Learning Disability Work Week

It was Learning Disability Work Week from 6-12 November. People with learning disabilities have a lot to contribute to society, including being engaged in voluntary work and paid employment.

Approximately 8 out of 10 people with a learning disability who are of working age have a mild or moderate learning disability, but less than 2 in 10 are in paid employment.

With a few reasonable adjustments however, we know that this statistic can increase. With the help, support and understanding of employers and colleagues, people with learning disabilities can be real assets to a workplace.

Currently, several of our clients are doing some fantastic work placements across Nottinghamshire. We have clients in placements at Nottingham Community Transport, the Pelham Kitchen cafe, Green’s Windmill and Arnold Clothes Bank.

One client, Clare, is doing a work placement at Sherwood Playgroup. Her boss there, Louise, says “She is an asset to the Nursery”.

We also have our crafts and upcycling shop, Spacecraft, where clients serve customers and are learning about stock maintenance and handling money.

Our Support Worker, Stella, explains why work placements are so important:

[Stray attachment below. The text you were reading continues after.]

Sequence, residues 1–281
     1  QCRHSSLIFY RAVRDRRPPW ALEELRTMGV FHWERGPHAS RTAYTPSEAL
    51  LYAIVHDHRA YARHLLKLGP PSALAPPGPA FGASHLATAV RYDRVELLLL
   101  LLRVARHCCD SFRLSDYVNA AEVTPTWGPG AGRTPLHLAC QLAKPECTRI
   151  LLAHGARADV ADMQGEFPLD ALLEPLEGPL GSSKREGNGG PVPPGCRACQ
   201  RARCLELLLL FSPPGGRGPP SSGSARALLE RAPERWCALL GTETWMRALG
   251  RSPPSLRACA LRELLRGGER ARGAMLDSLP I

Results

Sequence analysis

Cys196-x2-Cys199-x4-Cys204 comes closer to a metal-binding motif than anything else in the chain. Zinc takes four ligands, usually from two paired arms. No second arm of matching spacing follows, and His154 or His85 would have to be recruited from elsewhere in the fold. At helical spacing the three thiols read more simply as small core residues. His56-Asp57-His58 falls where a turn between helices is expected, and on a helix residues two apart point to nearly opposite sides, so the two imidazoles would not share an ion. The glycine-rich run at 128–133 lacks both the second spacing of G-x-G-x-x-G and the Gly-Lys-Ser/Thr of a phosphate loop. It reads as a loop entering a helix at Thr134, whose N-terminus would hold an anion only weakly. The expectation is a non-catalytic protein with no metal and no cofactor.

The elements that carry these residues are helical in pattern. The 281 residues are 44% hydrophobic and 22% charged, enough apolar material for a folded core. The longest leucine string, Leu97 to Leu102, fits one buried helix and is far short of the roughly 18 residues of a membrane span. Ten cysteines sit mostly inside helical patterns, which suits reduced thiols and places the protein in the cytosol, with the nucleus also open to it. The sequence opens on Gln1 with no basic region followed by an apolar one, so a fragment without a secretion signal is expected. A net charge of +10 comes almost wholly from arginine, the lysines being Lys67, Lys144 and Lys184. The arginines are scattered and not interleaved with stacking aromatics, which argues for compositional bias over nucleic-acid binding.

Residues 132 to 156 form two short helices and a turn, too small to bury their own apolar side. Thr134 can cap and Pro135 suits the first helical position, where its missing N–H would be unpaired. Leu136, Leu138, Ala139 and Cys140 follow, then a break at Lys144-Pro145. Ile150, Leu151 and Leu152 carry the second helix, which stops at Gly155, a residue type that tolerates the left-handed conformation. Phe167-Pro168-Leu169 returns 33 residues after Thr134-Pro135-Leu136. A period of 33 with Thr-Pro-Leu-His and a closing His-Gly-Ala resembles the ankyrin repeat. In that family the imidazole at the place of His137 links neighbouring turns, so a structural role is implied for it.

“Working gives our clients responsibility and independence. It teaches soft work skills in a real life situation.  For many of our clients, self-confidence quickly grows through starting a work placement.”

Changing people’s perceptions of what people with learning disabilities can do isn’t a quick process, but it is rewarding. Not everybody with a learning disability will find work suits them, but the current national statistics don’t reflect what great employees our clients can be!

For more Information about Learning Disability Work Week, which has been organised by the charity Mencap, please click on this link.

Bike Club

At Space Inclusive we have loads of great ways to engage our clients, and one at our Workspace site in Sherwood is the bike club.

The premise is really simple, it aims to help our clients learn more about bikes, whether it’s maintaining and repairing them, or riding them. The skills clients gain are numerous, from problem solving and team-work skills to some practical and vocational experience that can be used if clients are taking the next step to paid employment.

Our support worker, Dave Bevan, says “All the clients in the bike club get a huge amount out of it. They are learning new skills and are developing a real interest in bikes”.

Sew far sew good